The Competitive Edge of Surprise

I'm a fan of Reno 911!, a show about a lovable but flawed group of misfit policepersons in Reno, Nevada.  A parody of shows like "Cops", what makes it intriguing is a lot of it is improvised.  Though there's many running jokes, this level of spontaneity adds a charm to the series, and makes it more human.

There are other forms of media "spontaneity."  The Random House/Stardoll deal that allows for people to vote on the outcome of a story for instance.  There is the unpredictability of reality shows – much as I'm not a fan of most of them – that appeals to people.  I've been addicted to both Borderlands and Dragon Quest IX – games with randomly generated content to keep the games fresh.

Such things got me thinking about spontaneity and unpredictability.  These are things you can't really fake in media – and these are traits people like in their media, be it books, or shows, and so forth.  We love having an unknown to explore, something that doesn't fit our expectations (yet does).  In short, in an age where there's so much competition for attention, can the media we produce be more competitive if it adds spontaneity and unpredictability?

I think so.

One of the things that I'm concerned about in the modern media geekonomy is that there's a lot of stagnation and repetition.  It seems we're having endless remakes.  It's not hard to shovel out the same old thing in a book or a comic as long as you have a good marketing campaign.  If people want to be competitive (and if you don't have a huge marketing budget) you have to offer something more.

Unpredictability and sponanenity are something you can't fake (at least not easily).  People like them, there's something deep in us that likes a surprise.  That may be the edge you're looking for in your book, comic, film, webseries, and so on.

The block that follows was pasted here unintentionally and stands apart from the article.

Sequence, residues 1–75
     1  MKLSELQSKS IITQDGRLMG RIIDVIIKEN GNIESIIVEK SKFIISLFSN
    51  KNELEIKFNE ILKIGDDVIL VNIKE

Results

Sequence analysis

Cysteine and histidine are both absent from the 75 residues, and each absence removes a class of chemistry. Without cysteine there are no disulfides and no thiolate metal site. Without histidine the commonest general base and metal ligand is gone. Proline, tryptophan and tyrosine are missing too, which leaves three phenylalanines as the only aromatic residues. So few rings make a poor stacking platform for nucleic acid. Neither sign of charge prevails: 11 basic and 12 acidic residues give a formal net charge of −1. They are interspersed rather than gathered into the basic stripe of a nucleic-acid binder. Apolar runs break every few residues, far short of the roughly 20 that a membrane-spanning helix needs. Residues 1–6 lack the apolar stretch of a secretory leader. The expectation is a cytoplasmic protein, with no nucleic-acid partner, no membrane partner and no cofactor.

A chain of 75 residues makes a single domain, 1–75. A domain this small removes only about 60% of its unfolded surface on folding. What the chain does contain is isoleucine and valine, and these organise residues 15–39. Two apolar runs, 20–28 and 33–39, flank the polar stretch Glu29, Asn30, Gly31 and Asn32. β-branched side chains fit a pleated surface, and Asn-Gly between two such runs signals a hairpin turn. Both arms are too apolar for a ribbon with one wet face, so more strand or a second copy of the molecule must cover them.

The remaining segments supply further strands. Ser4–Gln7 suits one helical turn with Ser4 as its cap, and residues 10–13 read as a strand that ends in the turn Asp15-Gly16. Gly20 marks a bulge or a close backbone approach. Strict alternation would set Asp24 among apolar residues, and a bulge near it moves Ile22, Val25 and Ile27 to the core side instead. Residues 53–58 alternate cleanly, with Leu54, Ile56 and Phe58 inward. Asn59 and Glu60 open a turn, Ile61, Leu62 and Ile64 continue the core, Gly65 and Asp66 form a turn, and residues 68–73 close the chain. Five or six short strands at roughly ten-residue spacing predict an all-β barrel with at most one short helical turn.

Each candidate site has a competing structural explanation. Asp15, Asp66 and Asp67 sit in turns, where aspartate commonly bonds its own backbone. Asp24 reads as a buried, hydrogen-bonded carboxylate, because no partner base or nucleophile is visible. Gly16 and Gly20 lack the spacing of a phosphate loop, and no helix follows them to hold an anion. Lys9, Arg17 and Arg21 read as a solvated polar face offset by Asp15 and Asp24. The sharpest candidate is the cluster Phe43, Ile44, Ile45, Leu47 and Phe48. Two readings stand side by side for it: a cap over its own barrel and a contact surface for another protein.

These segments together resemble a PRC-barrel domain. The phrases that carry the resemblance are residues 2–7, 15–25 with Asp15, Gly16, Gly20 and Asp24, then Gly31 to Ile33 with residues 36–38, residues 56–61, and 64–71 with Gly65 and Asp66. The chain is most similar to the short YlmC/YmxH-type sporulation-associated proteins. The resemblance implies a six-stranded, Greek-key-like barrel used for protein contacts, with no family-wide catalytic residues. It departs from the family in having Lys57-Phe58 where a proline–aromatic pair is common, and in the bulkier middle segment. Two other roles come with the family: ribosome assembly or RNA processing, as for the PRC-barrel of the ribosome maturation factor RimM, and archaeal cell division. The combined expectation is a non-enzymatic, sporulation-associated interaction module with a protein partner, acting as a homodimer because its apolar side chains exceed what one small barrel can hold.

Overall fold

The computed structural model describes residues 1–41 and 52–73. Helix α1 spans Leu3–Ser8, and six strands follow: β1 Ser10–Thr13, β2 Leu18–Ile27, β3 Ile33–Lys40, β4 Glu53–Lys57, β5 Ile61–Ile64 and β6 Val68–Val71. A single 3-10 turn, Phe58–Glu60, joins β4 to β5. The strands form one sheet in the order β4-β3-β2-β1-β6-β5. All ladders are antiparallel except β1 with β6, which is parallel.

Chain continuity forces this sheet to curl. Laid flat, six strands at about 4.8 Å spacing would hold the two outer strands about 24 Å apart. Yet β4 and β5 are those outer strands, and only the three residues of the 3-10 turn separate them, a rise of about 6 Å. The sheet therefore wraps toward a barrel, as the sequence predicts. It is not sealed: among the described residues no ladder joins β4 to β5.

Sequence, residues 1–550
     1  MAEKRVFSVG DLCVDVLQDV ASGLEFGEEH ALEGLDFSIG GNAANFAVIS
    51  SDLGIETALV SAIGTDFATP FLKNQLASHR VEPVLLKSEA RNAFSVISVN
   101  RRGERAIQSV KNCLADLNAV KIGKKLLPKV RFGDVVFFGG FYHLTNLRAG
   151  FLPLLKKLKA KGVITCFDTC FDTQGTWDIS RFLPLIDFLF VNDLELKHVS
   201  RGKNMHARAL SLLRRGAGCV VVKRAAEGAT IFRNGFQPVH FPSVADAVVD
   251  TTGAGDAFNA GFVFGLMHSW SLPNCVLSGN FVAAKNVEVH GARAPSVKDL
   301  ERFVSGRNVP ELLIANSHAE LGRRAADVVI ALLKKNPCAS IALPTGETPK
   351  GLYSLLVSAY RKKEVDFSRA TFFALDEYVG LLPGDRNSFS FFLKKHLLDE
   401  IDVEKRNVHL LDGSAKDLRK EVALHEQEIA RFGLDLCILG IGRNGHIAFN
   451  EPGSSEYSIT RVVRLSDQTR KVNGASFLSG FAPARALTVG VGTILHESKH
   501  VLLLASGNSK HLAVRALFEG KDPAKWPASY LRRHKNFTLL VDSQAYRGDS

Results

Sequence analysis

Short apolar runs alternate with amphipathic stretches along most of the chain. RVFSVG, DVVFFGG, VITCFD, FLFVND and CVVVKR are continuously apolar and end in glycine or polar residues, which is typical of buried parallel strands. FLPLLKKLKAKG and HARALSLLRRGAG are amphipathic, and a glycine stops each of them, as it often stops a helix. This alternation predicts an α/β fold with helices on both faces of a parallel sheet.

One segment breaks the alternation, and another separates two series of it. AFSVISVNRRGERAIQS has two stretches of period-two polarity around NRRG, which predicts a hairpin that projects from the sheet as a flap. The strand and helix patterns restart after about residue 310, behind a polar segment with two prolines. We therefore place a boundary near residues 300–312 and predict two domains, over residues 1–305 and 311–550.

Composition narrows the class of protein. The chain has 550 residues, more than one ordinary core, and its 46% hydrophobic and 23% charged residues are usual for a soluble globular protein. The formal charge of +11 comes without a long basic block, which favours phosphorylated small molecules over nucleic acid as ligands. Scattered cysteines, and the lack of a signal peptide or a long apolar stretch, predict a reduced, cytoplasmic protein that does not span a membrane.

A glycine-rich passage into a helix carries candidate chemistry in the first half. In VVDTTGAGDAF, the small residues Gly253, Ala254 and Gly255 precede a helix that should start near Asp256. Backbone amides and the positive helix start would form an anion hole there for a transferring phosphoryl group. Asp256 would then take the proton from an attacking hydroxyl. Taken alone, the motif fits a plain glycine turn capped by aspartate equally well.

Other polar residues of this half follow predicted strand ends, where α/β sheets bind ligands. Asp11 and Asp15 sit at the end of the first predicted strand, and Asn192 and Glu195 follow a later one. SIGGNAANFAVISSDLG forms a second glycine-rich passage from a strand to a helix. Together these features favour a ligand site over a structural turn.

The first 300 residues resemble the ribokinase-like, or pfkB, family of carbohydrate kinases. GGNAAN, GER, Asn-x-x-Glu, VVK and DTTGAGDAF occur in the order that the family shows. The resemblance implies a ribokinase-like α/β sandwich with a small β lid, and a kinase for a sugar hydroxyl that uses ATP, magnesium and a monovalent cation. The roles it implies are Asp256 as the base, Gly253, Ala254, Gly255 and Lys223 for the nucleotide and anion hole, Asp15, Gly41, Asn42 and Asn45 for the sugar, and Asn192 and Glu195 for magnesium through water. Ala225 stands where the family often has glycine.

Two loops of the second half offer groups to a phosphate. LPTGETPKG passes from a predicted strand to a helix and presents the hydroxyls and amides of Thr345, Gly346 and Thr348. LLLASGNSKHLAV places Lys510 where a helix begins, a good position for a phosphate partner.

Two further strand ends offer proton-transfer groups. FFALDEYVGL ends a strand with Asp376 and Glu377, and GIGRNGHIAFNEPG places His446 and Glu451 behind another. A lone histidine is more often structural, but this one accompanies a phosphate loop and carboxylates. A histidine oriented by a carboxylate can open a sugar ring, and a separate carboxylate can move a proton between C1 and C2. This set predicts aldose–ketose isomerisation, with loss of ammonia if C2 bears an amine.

Consider the advantages:

  • You're not following the same old same old if there's something unpredictable or spontaneous.  That alone can get you attention in an age where it seems things are a bit too much alike.  It may not even be original, but it may be interesting to see what not-quite-originality shows up.
  • You're adding surprises.  People love surprises.  They'll want to see how things end up.
  • You're adding humanity.  People are spontaneous, and putting spontaneity into your work will make it more human.
  • It's inspiring.  Having stuff happen randomly or unpredictably and uniquely is going to shake up your imagination.
  • It can't be duplicated.  Be it the unique cast of your semi-scripted web show interacting or a secret voting for how your webcomic goes, no one can duplicate what you're doing.

How could this be done?  A few thoughts:

  • In anything with a cast – from multiple writers to multiple actors – lighten up on some of the scripting to see what people come up with.  Make a point to emphasize that in your marketing.
  • Try things like having the audience vote on things – people may tune in just to vote as well as see the results.
  • Have a contest among your watchers/viewers/readers to come up with ideas that you use – being careful to have the proper legal disclaimers of course.
  • Incorporate actual present-day events if you're doing, say, a real-life comic or show.  It may shift your story or media focus, but it'll be realistic and as unpredictable in real life.
  • Actual Randomness – This mostly fits computer games or other things where randomness is something you can automate, but those are awful easy environments add randomness with (as I should know!).

You can't easily fake spontaneity.  Why not embrace it to make your media project more interesting – and more unique?  You can have something no one else can have – and that may be the edge you need!

Steven Savage